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Among members of the family Enterobacteriaceae, extended spectrum β-lactamase (ESBL) production is the most important mechanism of resistance to β-lactam antimicrobial agents, and there are an increasing number of reports of the clinical failure of these drugs, especially in high-risk wards, such as intensive care units. [1],[2] Typically, ESBLs hydrolyze third generation cephalosporins and aztreonam, but not carbapenems, and are inhibited by clavulanic acid and tazobactam. [3] These enzymes are mostly commonly classified according to two general schemes: The ambler molecular classification and the Busch-Jacoby-Medeiros functional system. [4],[5]

The most common ESBLs identified in the past were those of the TEM and SHV types, which evolved via mutation of earlier penicillinases. The TEM-type ESBLs were considered, until recently, to be the most frequent ESBLs. [6] Well over 100 TEM-type β-lactamases have been described, of which the majority are ESBLs. Their isoelectric points range from 5.2 to 6.5. All are TEM-1 or TEM-2 derivatives. The first plasmid-mediated β-lactamase in Gram-negatives, TEM-1, was described in the early 1960s. [7] The TEM-1 enzyme was originally found in a single strain of Escherichia coli isolate from a patient in Athens, Greece, named Temoneira, hence the designation TEM. [8] Being plasmid and transposon mediated has facilitated the spread of TEM-1 to other species of bacteria. Within a few years after its first isolation, the TEM-1 β-lactamase spread worldwide and is now found in many different species of members of family Enterobacteriaceae such as Enterobacter aerogenes, Morganella morganii, Proteus mirabilis, Proteus rettgeri, and Providencia stuartii.[9]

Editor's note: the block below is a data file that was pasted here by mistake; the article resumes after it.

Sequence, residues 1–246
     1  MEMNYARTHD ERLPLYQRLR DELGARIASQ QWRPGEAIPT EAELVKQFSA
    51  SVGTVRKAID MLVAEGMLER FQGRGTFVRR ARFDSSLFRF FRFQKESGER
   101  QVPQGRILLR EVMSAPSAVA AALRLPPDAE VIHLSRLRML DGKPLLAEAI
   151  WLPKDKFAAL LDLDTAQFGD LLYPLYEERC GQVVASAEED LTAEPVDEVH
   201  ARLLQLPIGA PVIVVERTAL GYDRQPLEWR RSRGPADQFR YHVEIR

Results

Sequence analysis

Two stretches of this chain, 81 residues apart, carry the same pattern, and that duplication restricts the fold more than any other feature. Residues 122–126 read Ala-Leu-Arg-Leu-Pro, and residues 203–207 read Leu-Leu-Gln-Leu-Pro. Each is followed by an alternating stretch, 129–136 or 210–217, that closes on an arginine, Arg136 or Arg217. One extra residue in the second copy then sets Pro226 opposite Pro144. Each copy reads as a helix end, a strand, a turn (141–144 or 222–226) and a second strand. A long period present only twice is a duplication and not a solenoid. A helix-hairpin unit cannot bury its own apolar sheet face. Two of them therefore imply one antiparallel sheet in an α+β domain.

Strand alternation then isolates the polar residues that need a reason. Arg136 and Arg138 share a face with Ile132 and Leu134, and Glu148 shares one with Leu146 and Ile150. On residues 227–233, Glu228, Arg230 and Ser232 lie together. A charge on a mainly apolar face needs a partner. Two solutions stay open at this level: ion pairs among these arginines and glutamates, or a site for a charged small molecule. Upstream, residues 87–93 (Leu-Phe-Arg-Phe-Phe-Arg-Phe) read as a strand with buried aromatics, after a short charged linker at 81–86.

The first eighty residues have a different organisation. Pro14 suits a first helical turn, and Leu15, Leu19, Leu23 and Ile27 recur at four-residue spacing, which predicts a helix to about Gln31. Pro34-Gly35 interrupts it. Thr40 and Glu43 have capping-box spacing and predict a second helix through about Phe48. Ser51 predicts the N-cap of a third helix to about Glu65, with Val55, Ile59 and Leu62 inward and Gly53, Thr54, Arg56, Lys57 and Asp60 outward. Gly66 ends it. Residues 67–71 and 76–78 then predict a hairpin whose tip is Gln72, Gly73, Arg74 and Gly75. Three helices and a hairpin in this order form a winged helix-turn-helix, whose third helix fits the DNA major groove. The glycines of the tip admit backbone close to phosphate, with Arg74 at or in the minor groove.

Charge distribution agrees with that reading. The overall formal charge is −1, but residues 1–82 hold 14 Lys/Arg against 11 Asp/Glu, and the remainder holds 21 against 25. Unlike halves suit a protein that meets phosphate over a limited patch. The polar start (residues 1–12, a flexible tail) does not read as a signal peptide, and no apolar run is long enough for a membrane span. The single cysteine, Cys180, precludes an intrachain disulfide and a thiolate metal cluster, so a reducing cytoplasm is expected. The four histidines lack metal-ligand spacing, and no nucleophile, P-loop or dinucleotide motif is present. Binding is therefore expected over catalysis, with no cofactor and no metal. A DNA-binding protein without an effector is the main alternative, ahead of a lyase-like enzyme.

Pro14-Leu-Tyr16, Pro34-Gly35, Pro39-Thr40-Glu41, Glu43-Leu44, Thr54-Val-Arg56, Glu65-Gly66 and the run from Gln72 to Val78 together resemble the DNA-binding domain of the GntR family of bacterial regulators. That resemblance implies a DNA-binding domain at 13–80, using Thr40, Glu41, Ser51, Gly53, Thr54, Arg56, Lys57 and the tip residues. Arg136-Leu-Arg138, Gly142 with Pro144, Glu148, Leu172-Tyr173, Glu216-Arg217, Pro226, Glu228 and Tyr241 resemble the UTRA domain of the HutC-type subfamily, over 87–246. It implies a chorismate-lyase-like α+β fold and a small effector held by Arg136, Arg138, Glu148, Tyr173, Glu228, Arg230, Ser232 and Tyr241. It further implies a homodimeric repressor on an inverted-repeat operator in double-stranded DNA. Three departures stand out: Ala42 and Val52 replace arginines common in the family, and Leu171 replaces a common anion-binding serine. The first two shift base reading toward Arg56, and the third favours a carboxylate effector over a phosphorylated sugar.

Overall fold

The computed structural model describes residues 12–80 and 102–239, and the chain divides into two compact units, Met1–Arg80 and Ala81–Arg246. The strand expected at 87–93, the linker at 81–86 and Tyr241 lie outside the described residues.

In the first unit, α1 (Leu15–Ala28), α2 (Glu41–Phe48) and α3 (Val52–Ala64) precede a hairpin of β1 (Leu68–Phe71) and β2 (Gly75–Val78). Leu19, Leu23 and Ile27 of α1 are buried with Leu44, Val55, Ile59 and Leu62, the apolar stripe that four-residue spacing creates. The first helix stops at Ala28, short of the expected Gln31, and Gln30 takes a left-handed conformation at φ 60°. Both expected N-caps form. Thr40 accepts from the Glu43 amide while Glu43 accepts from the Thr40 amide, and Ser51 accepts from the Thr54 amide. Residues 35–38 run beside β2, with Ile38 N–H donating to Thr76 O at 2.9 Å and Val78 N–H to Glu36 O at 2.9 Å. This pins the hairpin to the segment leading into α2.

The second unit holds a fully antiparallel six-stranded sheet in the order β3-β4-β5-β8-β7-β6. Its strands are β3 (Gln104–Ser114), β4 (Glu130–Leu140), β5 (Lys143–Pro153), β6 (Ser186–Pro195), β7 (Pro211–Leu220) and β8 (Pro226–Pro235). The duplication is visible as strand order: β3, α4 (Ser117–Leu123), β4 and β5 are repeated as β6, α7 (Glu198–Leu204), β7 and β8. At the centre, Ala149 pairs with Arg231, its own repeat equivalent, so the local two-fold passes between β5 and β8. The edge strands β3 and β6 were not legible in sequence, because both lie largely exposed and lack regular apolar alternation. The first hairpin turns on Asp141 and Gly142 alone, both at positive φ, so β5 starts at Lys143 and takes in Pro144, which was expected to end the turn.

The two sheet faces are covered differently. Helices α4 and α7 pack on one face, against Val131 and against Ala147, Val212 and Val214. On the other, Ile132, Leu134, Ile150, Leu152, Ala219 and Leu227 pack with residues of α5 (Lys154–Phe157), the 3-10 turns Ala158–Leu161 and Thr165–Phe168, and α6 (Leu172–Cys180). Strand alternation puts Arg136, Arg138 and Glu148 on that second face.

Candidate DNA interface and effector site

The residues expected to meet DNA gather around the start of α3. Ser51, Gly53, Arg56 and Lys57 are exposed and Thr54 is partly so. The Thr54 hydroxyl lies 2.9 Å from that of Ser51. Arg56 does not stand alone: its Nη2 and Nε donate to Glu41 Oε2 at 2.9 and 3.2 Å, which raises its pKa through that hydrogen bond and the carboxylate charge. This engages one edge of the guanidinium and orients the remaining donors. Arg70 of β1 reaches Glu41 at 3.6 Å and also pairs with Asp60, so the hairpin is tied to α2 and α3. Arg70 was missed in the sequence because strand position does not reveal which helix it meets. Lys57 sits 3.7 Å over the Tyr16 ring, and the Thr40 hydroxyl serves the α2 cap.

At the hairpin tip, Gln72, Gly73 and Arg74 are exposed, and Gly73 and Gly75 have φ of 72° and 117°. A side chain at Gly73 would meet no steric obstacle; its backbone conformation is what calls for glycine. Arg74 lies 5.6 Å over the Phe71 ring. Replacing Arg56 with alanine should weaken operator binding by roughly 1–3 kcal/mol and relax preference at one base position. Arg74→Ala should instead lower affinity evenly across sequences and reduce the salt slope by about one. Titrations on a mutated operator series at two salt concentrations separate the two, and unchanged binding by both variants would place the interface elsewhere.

In this study, we describe the derivate of TEM-1 with an ESBL activity, TEM-116, which was detected in clinical isolate of P. stuartii from Hospital in Tunisia.

 Materials and Methods

Bacterial isolate. One ESBL-producing P.stuartii HL21 was isolated from hospitalized patient in Tunisia, on Febuary 2009. The source of this isolate was rectal swab from a 79-year-old patient hospitalized in intensive care unit (ICU) after a digestive hemorrhage . It was identified as P. stuartii either by automated (GNI+; Vitek) and by manual biochemical analyses using the Api 20E system.

Antimicrobial susceptibility testing